At 6:42 into Mr. Morrison’s Part 2 lecture on church history (EARLY CHRISTIAN HISTORY PART 2, THE TRINITY DOCTRINE TAUGHT LONG BEFORE THE COUNCIL OF NICAEA IN 325 AD – Steve Morrison, YouTube Video - https://youtu.be/3zwmTjNBS_o ), Mr. Morrison said that Theophilus of Antioch was the first person to use the word Trinity (in about 180 AD). However, Mr. Morrison neglected to inform his audience that Theophilus never used the words "three persons" like Tertullian did later and that he defined his idea of a "Trinity" as the “Father, Wisdom, and Word" rather than the Father, Son, and Spirit.
Theophilus wrote, “In like manner also the three days which were before the luminaries, are types of the Trinity, of God, and His Word, and His wisdom. And the fourth is the type of man, who needs light, that so there may be God, the Word, wisdom, man (Theophilus of Antioch. To Autolycus, Book 2, Chapter XV. Translated by Marcus Dods, A.M. Excerpted from Ante-Nicene Fathers, Volume 2. Edited by Alexander Roberts & James Donaldson.American Edition, 1885.Online Edition Copyright © 2004 by K. Knight).”
Here we can see that Theophilus did not teach that the Holy Spirit was a part of a Trinity. He wrote that “God, and His word, and His wisdom” was a Trinity. Rather than believing that the Holy Spirit is a third person of a Trinity, Theophilus wrote of the Holy Spirit as the Father’s breath: “...if I say He is Spirit, I speak of His breath...” (Theophilus of Antioch. To Autolycus, Book 1, Chapters III,V. Translated by Marcus Dods, A.M. Excerpted from Ante-Nicene Fathers, Volume 2. Edited by Alexander Roberts & James Donaldson.American Edition, 1885.Online Edition Copyright © 2004 by K. Knight). By affirming that the Spirit of God is “His breath,” Theophilus could not have believed that the Holy Spirit is a distinct divine person. Theophilus never wrote about the Holy Spirit as a person, nor did he ever mention the Holy Spirit as part of his Triadic belief.
Theophilus wrote, “God then, having his own Word internal, within His own bowels begot him, emitting him along with wisdom before all things. He had this Word as a helper in the things that were created by Him, and by him he made all things.” (Apology to Autolycus, Book 2, 10)
We can clearly see that Theophilus taught that God the Father “begot him” (the Son) by “emitting him along with wisdom before all things”. Here we can see that Theophilus was a Semi-Arian rather than a Trinitarian because he believed that the Son was literally “emitted” and “birthed” by the Father “along with wisdom before all (created) things”.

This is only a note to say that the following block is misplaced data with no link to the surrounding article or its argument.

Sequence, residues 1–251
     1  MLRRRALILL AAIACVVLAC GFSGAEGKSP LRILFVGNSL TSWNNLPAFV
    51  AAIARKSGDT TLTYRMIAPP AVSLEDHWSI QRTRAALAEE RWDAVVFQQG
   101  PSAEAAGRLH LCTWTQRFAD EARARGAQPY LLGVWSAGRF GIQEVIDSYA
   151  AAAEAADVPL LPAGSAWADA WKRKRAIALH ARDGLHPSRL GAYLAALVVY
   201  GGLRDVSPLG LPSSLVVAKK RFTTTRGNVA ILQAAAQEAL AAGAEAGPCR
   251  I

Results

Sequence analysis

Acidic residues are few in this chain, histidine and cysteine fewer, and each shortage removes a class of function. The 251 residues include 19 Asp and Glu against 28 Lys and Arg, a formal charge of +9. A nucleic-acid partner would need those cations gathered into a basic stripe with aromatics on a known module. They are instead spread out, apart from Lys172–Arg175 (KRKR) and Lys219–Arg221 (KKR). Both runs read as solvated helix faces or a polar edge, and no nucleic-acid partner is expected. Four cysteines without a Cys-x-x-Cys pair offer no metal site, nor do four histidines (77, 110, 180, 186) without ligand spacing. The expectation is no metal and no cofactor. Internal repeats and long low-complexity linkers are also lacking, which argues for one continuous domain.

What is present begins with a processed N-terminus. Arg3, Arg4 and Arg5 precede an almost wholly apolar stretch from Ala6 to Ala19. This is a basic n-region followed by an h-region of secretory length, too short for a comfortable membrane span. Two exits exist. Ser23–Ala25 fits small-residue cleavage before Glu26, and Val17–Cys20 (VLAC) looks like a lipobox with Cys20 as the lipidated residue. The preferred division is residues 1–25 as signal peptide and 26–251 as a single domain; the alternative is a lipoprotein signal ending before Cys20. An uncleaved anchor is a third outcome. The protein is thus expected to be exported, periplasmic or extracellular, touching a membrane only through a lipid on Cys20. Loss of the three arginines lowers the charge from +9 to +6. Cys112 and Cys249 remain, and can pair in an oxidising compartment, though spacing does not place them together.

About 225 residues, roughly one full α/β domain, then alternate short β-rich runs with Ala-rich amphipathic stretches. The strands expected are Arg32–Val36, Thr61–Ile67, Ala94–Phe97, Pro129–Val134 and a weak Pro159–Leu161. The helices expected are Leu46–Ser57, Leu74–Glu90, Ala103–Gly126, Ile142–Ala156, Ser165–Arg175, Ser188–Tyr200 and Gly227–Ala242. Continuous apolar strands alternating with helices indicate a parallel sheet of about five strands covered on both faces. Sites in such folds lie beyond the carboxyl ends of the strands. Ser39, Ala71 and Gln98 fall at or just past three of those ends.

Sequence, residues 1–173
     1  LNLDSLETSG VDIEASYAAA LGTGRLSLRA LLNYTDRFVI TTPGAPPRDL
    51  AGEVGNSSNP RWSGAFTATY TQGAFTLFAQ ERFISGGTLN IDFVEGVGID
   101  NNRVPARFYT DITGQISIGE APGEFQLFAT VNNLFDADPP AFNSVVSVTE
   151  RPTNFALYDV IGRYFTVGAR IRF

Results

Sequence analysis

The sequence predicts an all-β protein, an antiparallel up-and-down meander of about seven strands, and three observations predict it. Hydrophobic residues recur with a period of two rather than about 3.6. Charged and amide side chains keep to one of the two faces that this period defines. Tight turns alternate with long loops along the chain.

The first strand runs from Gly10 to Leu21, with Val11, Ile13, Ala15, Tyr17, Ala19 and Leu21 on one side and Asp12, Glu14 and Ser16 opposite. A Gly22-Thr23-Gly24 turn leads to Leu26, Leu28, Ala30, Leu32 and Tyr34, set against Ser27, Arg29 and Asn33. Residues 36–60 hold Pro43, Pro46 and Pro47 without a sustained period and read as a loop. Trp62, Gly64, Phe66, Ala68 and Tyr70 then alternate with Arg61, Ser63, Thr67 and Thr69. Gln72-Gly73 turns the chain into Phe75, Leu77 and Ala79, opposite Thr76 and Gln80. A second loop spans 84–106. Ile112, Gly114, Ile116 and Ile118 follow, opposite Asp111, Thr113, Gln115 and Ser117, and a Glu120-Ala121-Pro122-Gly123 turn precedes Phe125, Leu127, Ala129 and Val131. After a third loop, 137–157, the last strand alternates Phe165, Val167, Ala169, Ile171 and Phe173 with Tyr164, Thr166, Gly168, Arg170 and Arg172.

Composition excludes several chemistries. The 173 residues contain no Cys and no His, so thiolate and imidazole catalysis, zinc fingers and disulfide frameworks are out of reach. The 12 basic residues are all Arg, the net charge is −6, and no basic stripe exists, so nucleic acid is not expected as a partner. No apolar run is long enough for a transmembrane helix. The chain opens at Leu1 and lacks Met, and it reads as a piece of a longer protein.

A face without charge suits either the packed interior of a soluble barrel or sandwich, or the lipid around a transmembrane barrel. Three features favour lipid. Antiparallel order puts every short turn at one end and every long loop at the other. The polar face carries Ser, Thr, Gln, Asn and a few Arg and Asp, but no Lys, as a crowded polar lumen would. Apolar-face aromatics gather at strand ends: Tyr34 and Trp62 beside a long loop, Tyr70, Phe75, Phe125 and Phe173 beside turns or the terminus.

Theophilus clarified what he meant about the word being begotten or emitted before all things in his Apology to Autolycus, book 2, 22:
“… as truth expounds, the Word, that always exists, residing within the heart of God. For before anything came into being he had him as a counsellor, being his own mind and thought. But when God wished to make all that he determined on, he begot His Word, uttered the firstborn of all creation …” (Apology to Autolycus, Book 2, 22)
To Theophilus, the Word (logos) was the Father's own internal mind and thought. Thus, the Father had the Son as his counsellor internally as the Father's expressed thought (the meaning of logos/word). Oneness Modalistic theologians agree that the Son existed in the heart of God as the Father's own Mind and Thought. Yet both Oneness and Trinitarian theologians cannot agree with Theophilus when he wrote,
"But when God wished to make all that he determined on, he begot (gave birth to) His Word, uttered the firstborn of all creation."
Theophilus believed like modern Jehovah’s Witnesses in that the human son pre-existed as a created being with no timeless existence. Yet Mr. Morrison insists that Theophilus of Antioch was a true Trinitarian. Nothing could be further from the truth!
Under “Arianism,” the New Advent Encyclopedia explains the theology of the Semi-Arians: “… while they affirmed the Word of God to be everlasting, they imagined Him as having become the Son to create the worlds and redeem mankind … Five ante-Nicene Fathers are especially quoted: Athenagoras, Tatian, Theophilus of Antioch, Hippolytus, and Novatian, whose language appears to involve a peculiar notion of Sonship, as though it did not come into being or were not perfect until the dawn of creation.”
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